You wrote : “It’s small risk but I’ve heard of publishers that are changing reports and paying less than they should.”
    Actually this a MAJOR RISK: the vast majority of the publishers (i’d say 99% of them) will send you bogus sales reports with smaller sales figures (and it will be nearly impossible for you to get the actual numbers, even if you detect the fraud, not mentioning getting paid the right amount). Even in the case of advanced payments, either as “work for hire” or if a publisher is funding the development with advances on royalties, most publishers will not pay all the monthly due payments (especially the last one which is supposedly paid once you have sent the final submission master of the game).

    Other examples of standard publisher “breach of contract” behavior (which I have been personally confronted to) include:
    – releasing the game at a higher price point than the agreed price point (but without increasing the royalty per unit they pay you)
    – releasing a game on territories for which it did not have the publishing/distribution rights.
    – releasing a game on a platform that was not part of the publishing deal (releasing a PS2 game on the PS3 PSN for example)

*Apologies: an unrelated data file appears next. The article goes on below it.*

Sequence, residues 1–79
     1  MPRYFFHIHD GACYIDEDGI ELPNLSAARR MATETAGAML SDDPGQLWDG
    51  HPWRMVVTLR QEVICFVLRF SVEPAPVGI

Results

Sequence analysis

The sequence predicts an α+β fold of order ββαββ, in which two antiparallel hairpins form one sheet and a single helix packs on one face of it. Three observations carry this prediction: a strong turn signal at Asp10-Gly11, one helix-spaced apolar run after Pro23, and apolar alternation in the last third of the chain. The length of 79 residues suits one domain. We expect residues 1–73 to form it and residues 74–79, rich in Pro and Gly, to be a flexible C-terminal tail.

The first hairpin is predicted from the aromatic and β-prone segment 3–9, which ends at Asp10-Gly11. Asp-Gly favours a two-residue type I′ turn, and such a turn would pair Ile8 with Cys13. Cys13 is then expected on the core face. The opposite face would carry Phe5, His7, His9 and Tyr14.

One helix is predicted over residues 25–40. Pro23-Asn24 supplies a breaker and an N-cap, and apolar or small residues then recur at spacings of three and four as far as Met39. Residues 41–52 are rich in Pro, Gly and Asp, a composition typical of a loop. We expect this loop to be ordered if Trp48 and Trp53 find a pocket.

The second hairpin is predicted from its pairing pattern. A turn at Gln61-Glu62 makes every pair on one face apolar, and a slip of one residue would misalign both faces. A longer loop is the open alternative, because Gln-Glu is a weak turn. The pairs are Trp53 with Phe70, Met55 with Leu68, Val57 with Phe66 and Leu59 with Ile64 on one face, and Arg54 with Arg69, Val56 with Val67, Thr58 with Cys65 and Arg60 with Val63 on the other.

– continue to sale (and manufacture) copies of a game after the term of the publishing agreement.
    – stop manufacturing new copies of a game

    2/ Publisher might steal your idea.
    You wrote: “This haven’t happened to me but I’ve heard that some Publishers are willing to steal great ideas and create them by themselves.”
    This is another major risk. I have personally been confronted to this problem and know many people who have also, and often by the biggest companies: Sony, Ubi Soft, Capcom,… Once again, it will be very difficult, if not impossible, to do anything against a publisher stealing your game concept and making a success out of it. Not 99% but a great number of publishers are very likely to do so.

  3. so if i’m creating a free game and want to find a good Publisher can you advice me with names ?
    i already tried with the only 3 Publishers located in Middle East , they want Mobile Games only with shops and in game purchases.
    i’m developing horror game to pc / console and i don’t want to F* it

Leave a Reply

Your email address will not be published. Required fields are marked *

This site uses Akismet to reduce spam. Learn how your comment data is processed.